Overall, the current study indicated that reducing irrigation at flowering and/or fungicide application and using a less susceptible variety may have a beneficial impact on disease levels, while maintaining yields when the risk of FHB is high. Although difficult to demonstrate given the nature of the current study the use these strategies in combination may help to provide more effective FHB management.
The most difficult aspect of irrigation management for FHB control in the irrigated dry regions of southern Alberta will be trying to balance the water requirements of the crop versus the need to reduce the risk of FHB. Efetha (2003) has produced a set of recommendations to help producers meet the water needs of their cereal crops, but at the same time reduce the risk of FHB and potential DON contamination of harvested grain.
Other pathologists with extensive FHB experience have indicated that irrigation should not be applied for 5-10 days after flowering to help limit humid conditions that favour infection (M. McMullen and B. Stack, North Dakota State University, personal communication). This is consistent with the results and interpretation from the current studies. Moreover, the current study suggests that reducing irrigation will likely not result in a negative impact on crop productivity, but can have a beneficial impact in relation to reducing the severity and impact of FHB.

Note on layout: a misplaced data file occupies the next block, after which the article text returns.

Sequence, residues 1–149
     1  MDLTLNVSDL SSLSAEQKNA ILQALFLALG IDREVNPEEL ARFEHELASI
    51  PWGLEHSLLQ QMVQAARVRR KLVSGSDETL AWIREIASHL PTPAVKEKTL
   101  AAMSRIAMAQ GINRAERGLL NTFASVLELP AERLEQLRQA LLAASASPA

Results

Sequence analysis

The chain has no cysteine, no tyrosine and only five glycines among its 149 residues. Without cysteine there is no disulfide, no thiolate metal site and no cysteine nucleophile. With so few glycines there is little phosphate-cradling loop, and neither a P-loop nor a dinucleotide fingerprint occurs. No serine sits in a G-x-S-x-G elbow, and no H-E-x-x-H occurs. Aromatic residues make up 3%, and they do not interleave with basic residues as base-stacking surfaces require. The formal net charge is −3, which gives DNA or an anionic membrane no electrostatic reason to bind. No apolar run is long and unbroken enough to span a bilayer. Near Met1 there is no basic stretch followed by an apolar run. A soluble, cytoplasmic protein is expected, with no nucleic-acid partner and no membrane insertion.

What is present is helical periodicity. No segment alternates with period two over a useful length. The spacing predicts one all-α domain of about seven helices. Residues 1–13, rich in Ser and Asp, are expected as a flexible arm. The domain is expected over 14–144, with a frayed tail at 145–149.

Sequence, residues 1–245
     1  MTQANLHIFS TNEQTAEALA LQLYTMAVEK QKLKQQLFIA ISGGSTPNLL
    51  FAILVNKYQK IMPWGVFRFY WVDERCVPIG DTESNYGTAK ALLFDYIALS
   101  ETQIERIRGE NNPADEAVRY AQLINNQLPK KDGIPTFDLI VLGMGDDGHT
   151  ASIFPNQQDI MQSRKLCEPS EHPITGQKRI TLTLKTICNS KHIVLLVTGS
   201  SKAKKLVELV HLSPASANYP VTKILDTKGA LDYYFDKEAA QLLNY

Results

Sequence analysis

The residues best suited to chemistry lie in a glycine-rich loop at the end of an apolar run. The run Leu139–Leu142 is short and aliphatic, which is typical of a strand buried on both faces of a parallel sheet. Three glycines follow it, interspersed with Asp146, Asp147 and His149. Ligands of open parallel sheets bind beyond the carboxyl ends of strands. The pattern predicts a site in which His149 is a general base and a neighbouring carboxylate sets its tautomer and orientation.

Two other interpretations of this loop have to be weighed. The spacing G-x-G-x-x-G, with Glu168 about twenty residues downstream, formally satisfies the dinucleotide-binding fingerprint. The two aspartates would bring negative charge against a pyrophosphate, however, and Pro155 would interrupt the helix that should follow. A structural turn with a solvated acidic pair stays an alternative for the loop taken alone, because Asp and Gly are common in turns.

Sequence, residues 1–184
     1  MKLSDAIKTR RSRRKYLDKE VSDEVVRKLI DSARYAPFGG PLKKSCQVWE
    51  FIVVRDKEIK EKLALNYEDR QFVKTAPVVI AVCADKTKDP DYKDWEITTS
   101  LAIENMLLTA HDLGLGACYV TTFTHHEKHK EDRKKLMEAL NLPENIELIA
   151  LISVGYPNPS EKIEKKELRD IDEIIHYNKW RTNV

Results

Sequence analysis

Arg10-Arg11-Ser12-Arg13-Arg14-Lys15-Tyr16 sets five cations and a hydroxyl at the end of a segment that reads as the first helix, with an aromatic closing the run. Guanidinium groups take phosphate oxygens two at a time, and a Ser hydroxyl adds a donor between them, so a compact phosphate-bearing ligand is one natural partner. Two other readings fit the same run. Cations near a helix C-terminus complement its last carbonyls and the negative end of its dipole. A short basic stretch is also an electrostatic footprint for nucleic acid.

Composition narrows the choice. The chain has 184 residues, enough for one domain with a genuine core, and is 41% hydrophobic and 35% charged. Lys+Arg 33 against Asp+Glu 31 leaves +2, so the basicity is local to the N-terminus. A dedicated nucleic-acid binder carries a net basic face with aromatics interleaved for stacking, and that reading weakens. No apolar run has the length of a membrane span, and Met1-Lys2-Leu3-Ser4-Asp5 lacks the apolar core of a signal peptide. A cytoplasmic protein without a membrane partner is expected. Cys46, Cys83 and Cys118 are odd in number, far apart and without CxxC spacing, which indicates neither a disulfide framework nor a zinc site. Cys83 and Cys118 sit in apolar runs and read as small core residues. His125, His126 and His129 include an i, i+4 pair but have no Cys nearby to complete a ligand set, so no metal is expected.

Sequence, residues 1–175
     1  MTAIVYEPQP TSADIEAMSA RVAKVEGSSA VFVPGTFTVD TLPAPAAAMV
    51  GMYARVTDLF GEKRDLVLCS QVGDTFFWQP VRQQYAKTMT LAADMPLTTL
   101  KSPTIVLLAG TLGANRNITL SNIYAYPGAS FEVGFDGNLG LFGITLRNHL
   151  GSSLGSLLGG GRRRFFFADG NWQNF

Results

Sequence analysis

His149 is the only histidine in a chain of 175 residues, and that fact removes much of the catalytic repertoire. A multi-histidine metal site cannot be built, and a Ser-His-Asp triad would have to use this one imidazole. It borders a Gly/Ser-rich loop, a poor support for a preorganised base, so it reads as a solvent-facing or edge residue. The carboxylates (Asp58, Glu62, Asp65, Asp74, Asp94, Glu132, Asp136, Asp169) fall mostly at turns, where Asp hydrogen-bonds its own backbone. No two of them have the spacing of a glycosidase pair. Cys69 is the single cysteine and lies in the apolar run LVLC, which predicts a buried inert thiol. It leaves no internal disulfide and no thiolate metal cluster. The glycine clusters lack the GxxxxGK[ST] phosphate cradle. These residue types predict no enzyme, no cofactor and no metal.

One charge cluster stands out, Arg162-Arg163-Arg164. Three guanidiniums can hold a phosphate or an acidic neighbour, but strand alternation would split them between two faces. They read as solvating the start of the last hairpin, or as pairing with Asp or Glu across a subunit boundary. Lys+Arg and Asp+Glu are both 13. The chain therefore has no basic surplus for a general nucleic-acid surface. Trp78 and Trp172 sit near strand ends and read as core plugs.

Implementation of results
- fungicides can work well, but do not always limit FHB. It will be crucial to also look at a combination of more resistant varieties, longer rotations and irrigation management and by using these three strategies farmers may be able to limit FHB without resorting to fungicides unless the disease risk clearly warrants it
- avoid highly susceptible wheat classes and varieties
- encourage irrigation scheduling especially since no yield losses were shown with this practice
- continue to increase awareness of FHB and management practices through extension activities including video production of results and recommendations
- extend information to other wheat growing areas as FHB continues to spread and is well established in southern AB, especially under irrigation
- inform growers that dryland can be at risk as well when moisture is available
- develop continued surveys perhaps work with seed testing labs
- monitor environmental conditions during flowering critical for disease development and may limit the impacand usefulness of some or all management strategies
- work with grain graders to ensure FDK levels are correct and determine relationship with DON
- Develop ways to better communication area specific Fg inoculum levels. I.e. are you in an Fg hot spot? Fast and complete forecasts for weather during flowering